Another notable feature is that Cheron includes a chaconne in two sonatas, not coincidentally the last sonata in each group. Although in this production the order in the edition is not followed, these sonatas sensibly close each of the two discs. The chaconnes are quite long and compensate for the fact that these two sonatas have fewer movements than the others. All the sonatas are in four movements, except the Sonate III in e minor, which has three movements and the Sonate VII in D, which has only two. The titles of the movements are all in French, and despite the Italian influences in Cheron’s sonatas, for instance in the way that they generally follow the order slow, fast, slow, fast, they are in fact suites as we know them from French tradition. Cheron’s sonatas are considered as rather conservative pieces; that comes to the fore, for instance, in the inclusion of a couple of fugues, which show his mastery of counterpoint.

These sonatas are scored for transverse flute and violin, but as composers were usually quite pragmatic in regard to the choice of instruments, there is no fundamental objection against a performance on two recorders. The Op. 2 was published in 1729, and at that time recorders were still in vogue, especially among amateurs. That said, I certainly would like to hear them in a performance with the instruments mentioned on the title page. The quality of these sonatas would justify such a recording. Neal Zaslaw, in the article on Cheron in New Grove, may call his instrumental music “of minor importance”, but musically speaking these sonatas are very good stuff.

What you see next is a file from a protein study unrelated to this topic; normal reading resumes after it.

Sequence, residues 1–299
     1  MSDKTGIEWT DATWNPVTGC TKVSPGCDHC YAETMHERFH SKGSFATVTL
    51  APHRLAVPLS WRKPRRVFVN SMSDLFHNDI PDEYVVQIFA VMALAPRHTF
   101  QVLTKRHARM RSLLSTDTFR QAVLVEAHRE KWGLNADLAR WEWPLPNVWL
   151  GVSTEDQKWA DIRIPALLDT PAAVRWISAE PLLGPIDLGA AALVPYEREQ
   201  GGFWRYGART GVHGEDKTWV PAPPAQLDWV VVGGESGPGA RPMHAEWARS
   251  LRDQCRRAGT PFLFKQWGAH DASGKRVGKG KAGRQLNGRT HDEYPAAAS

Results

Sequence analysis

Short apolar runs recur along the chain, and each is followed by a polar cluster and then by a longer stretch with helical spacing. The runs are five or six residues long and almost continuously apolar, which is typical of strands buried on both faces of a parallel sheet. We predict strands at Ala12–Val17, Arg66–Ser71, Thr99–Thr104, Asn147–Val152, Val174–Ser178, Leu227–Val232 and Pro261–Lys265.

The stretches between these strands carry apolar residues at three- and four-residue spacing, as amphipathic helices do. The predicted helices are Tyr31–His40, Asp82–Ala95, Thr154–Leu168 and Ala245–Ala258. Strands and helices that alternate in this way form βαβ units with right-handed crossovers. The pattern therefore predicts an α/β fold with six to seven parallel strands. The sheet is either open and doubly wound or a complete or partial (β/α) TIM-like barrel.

One can only applaud the Ensemble Matís for recording these fine sonatas. The level of the performances fully matches the quality of the sonatas. In the fast movements the players are in full swing. Phrasing and articulation are immaculate, and the rhythms are emphasized by marked dynamic accents, albeit without exaggeration. In the movements with the indication tres vitte (very fast) they pull out all the stops. There is some fine expressive playing in slow movements, such as the sarabandes from the Sonate I in G and the Sonate V in c minor. The third movement from the Sonate VI in F, with the indication pesament et marqué, receives a truly cantabile performance. The two chaconnes are quite long, but there is no dull moment here, thanks to Cheron’s fine writing, and also to the excellent playing of the members of the Ensemble Matís.

This is one of the best recordings with music played on recorders I have heard recently. This is definitely an ensemble to keep an eye on. I look forward to their next production.

Johan van Veen